First up, and the most significant of the lot, is Chairman Jerry Madden's HB 1678, which is essentially similar to the probation-strengthening legislation Gov. Perry vetoed in 2005. This bill would shorten probation lengths and give offenders incentives to earn their way of supervision through good behavior, minimizing technical revocations, and reducing probation officer caseloads to more manageable levels. (See prior Grits coverage.)
The next six bills on the agenda are all from Pat Haggerty (R-El Paso), who is a former Chair of the Corrections Committee. Haggerty is a grisly, battle-hardened veteran on corrections topics, who may not be popular with the Speaker, but who knows the system extremely well, and whose opinions are ignored at one's peril.
When you listen to Rep. Haggerty talk about the prison system, you get the sense of a man who's just fed up with bungling and bureaucrats with a can't-do attitude. The things that are screwed up - particularly with Texas' probation system, which is by far the largest in the nation - are obvious from any political perspective and have been screwed up for years. Haggerty has heard all the excuses from the various players for many years now, and he appears not to care anymore. He speaks like a man who's incredibly exasperated at how bad many current policies are. These bills also suggest he's a man ready to enact significant changes rather than live with stupidity and futility. Cool! Here are the highlights from the Haggerty bills up Monday:
- HB 926 is a minor bill allowing judges to grant community supervision in certain cases resulting in "deferred adjudication."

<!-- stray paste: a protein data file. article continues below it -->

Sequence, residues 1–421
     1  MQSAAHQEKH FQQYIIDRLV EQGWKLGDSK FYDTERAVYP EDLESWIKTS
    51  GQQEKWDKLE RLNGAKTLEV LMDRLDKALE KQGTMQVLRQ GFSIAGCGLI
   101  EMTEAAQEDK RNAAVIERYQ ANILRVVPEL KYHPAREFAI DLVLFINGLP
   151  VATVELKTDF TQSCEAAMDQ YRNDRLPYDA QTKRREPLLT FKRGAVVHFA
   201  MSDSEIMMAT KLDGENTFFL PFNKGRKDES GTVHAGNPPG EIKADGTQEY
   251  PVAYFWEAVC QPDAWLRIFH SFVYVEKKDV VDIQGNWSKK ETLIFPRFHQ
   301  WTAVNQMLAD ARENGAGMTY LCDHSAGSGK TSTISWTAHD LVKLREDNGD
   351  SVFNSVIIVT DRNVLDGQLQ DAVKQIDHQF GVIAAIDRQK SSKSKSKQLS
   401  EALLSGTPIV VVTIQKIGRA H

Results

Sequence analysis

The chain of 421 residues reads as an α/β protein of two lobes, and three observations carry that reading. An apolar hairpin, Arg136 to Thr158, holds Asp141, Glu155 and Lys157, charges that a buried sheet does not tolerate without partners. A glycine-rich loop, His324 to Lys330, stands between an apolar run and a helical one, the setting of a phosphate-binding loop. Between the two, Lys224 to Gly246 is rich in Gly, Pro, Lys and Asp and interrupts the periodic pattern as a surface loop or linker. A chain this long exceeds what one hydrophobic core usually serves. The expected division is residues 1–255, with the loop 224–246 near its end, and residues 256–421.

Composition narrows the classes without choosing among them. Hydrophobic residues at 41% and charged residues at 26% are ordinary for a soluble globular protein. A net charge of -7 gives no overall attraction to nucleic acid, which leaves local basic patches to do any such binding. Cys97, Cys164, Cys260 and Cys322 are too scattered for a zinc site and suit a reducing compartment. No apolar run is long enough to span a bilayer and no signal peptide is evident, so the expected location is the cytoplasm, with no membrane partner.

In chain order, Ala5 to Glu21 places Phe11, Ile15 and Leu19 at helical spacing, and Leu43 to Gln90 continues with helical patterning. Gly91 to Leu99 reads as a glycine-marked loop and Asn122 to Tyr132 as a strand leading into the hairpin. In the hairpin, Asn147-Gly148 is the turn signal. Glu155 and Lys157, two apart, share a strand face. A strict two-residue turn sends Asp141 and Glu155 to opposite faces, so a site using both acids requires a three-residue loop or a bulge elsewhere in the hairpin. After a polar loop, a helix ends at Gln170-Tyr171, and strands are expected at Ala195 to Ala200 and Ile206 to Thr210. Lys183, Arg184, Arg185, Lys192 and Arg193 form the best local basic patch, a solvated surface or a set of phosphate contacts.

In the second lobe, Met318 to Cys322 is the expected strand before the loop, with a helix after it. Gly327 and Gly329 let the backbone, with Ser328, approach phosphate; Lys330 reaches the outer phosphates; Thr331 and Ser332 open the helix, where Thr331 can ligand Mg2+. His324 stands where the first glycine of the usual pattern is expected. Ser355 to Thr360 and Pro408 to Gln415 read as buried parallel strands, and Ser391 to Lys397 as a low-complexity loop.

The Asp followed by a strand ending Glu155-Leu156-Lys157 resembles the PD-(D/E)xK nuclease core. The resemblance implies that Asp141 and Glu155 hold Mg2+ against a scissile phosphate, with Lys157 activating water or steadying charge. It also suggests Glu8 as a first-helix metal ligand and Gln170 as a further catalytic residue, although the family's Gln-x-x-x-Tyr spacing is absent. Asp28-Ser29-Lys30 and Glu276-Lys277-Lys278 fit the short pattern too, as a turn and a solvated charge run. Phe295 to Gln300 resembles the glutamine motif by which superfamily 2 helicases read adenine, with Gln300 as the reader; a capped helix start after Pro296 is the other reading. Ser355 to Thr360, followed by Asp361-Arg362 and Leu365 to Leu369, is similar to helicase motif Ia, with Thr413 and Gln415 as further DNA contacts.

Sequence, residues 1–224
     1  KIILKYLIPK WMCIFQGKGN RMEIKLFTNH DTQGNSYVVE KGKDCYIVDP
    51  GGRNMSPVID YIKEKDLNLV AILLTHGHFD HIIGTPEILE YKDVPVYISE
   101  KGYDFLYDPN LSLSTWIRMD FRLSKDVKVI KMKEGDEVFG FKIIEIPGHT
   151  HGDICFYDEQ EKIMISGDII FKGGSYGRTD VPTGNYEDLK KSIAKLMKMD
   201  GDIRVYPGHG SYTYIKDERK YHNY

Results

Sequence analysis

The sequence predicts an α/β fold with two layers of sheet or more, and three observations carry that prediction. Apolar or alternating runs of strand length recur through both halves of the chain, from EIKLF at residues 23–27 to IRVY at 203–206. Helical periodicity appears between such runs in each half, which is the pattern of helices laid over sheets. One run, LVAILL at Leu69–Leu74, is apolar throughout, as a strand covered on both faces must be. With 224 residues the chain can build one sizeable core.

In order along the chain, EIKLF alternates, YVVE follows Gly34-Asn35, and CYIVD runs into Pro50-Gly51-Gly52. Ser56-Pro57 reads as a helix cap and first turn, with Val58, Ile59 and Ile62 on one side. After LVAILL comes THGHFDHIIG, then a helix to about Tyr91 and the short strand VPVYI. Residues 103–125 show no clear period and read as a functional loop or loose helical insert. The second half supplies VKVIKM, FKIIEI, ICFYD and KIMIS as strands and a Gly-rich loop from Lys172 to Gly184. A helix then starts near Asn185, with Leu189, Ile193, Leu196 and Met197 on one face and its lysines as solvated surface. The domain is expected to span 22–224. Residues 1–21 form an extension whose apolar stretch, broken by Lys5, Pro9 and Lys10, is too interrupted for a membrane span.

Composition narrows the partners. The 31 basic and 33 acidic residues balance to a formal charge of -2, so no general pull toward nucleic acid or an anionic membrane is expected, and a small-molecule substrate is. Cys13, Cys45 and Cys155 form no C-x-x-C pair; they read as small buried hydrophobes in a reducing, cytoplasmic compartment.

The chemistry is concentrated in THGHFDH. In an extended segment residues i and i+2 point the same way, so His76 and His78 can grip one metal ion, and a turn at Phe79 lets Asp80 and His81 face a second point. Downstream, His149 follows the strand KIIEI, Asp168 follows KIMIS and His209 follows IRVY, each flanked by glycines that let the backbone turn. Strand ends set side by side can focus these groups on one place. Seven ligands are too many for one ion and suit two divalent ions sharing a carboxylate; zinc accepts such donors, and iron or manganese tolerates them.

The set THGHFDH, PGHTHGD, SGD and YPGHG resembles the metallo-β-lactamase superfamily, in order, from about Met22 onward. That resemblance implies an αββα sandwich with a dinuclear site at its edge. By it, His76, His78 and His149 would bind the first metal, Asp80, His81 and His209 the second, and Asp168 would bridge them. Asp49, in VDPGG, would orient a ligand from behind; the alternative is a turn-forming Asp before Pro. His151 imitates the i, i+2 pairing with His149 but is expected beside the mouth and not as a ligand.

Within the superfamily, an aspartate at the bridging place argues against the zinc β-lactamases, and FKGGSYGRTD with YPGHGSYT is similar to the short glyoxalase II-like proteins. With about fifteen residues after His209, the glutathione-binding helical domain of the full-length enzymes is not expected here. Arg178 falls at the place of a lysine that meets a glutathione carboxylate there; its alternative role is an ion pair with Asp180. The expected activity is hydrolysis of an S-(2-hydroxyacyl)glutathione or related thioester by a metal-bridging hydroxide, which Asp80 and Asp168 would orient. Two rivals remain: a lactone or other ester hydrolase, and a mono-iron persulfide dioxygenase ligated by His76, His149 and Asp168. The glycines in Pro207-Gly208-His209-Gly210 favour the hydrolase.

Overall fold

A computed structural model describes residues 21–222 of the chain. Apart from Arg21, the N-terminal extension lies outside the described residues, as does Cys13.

- HB 927 allows a judge, at any time during the first two years of a defendant's incarceration sentence, to reduce the sentence to community supervision. Currently judges have that authority during the first 180 days of a sentence.
- HB 975 allows a judge who revokes a defendant's probation to credit the defendant with time spent on probation when calculating the required incarceration term.
- HB 1510 is an important bill that complements Madden's HB 1678 (above) - it shortens maximum probation terms to five years for all felons except violent so-called "3g" offenders.
- HB 1512 empowers judges to reduce or terminate felony community supervision at any time before the end of the probation term.
- HB 1514 expands the scope of pre-sentence reports from probation officers to judges to include any "information requested by the judge that relates to the defendant or the offense and that will permit the meaningful exercise of sentencing discretion.
The final bill on this exciting committee agenda was probably made moot by the announcement that the board of the Texas Youth Commission will resign today. Rep. Corbin Van Arsdale has proposed HB 3592 which would have terminated the current board.
Those are the highlights. Chairman Madden has declared that all bills heard in his committee will sit pending for at least a week to allow committee members an opportunity to consider them (I think that's a really good policy, one I wish all chairmen so rigorously followed), so if you've got an opinion on these bills, you can either give it to them at the hearing Monday or communicate with committee members in the coming week.